Second, the sentence "Cities whose governments are seen to uphold general justice are more likely to secure the trust and loyalty of citizens than cities where 'the many' perceive that their interests are subordinate to those of the few" recalls the contemporary problems of income distribution, bank bailouts, corporate jet loopholes, and the level of taxation on the rich. Even I often feel like I'll never get ahead, that the game is rigged in the rich's favor.

    Say what you want about the tea parties, but they are largely a right wing populist response to corporatist big government. (I know that is an absurdly simplified definition, but this is a blog comment.) There is a real anger in the country that the situation is unjust, and our politicians, who have apparently not read Machiavelli, can't do anything to fix it.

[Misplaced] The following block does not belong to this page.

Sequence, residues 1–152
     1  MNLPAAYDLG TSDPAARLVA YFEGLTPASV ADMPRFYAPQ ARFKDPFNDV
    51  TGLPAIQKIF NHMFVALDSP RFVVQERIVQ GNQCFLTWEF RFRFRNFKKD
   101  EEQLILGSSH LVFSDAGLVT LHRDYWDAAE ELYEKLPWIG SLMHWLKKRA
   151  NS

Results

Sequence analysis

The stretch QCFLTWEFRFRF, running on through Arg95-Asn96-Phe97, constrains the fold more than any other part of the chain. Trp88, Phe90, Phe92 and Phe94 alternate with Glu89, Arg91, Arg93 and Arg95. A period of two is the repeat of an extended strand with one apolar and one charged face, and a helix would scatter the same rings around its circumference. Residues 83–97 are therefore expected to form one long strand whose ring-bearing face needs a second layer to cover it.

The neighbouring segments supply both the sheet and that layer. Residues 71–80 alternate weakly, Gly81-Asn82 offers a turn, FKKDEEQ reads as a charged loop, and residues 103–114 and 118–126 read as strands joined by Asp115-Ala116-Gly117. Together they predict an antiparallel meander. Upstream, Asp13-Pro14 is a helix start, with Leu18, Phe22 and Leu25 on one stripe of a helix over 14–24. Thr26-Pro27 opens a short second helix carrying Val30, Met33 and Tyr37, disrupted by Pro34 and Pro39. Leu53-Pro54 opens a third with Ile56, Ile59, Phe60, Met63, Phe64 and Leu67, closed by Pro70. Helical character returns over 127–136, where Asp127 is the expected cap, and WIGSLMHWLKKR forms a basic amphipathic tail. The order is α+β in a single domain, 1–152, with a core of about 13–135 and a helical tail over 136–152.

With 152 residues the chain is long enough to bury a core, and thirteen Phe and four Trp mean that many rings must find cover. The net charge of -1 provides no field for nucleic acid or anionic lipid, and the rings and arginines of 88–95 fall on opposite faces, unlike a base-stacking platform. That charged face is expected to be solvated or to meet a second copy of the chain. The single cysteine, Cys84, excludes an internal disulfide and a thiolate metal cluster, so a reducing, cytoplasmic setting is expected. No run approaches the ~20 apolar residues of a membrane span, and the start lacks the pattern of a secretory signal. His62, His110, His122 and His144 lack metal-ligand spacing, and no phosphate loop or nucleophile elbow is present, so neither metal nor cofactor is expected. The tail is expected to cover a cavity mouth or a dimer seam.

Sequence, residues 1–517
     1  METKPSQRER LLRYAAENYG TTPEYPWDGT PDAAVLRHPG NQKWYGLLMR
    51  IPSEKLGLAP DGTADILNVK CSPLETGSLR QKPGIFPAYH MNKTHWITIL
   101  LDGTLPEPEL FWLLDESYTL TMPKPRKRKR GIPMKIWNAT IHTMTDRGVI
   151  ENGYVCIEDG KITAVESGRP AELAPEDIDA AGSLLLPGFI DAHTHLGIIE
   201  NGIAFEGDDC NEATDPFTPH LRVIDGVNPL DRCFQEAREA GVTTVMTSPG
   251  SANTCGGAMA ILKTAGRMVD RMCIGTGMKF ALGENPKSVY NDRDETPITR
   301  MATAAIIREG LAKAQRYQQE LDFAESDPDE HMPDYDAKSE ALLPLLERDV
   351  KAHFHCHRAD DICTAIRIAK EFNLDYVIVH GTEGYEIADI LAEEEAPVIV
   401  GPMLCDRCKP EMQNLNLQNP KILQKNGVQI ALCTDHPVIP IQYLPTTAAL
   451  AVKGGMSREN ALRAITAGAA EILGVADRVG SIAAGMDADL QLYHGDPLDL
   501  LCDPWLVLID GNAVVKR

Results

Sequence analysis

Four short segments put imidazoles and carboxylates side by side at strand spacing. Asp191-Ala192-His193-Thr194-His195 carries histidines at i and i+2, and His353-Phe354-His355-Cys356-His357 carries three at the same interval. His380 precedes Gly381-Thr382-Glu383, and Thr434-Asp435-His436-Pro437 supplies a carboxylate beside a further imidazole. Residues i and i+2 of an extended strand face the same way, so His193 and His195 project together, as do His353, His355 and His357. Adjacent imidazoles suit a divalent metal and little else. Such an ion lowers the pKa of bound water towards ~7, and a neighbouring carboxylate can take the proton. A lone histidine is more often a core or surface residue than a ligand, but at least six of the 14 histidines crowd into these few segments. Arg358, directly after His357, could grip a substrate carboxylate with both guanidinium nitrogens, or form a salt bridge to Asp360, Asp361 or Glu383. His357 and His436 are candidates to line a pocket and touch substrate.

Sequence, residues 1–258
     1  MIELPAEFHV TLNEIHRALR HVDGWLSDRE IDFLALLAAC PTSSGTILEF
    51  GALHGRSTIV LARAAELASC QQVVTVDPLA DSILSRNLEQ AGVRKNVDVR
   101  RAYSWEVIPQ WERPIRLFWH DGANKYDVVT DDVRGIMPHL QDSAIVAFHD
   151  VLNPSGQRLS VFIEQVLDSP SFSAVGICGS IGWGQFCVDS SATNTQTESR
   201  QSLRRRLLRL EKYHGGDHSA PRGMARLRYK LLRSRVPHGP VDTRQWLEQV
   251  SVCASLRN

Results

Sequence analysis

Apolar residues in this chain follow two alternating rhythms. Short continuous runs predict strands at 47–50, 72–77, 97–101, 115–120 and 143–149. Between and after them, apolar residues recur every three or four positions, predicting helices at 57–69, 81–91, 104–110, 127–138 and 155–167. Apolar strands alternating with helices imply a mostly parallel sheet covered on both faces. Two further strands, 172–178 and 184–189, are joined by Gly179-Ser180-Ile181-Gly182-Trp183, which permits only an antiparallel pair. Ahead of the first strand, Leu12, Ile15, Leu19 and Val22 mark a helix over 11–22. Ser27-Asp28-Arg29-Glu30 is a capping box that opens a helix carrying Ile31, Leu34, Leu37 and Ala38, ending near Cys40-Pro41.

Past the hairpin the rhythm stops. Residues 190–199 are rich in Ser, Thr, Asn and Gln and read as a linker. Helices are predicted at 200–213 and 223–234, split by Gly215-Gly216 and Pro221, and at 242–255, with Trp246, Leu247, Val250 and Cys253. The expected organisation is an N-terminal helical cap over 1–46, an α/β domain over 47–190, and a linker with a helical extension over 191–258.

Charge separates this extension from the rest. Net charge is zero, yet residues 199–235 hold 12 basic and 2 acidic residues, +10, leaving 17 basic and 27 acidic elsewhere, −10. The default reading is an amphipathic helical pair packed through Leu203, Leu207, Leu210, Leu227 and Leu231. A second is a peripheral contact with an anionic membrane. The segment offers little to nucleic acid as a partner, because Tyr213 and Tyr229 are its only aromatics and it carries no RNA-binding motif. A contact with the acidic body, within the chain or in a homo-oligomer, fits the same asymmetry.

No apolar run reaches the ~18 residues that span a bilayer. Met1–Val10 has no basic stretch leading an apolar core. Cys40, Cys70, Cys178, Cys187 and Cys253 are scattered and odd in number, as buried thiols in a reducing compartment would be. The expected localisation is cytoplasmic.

The problem of justice in Afghanistan is a real one, but Machiavelli's lessons could just as well be used at home.

  8. MK -- What Machiavelli and Benner are alluding to the high transaction costs of maintaining power through repression that I keep harping on.

    You often make reference to this, but I've never seen it sufficiently explained. Why are the transaction costs of repression high for the Nazis, for example?

  9. Anon @ 0352 -- This gets to the concept of justice. Whereas medieval justice meant some kind of divine rule (and sometimes whether rebellion is allowed against those who have turned against God), it seems Machiavelli describes justice as originating from a body of customs and ways to settle scores developed by a state.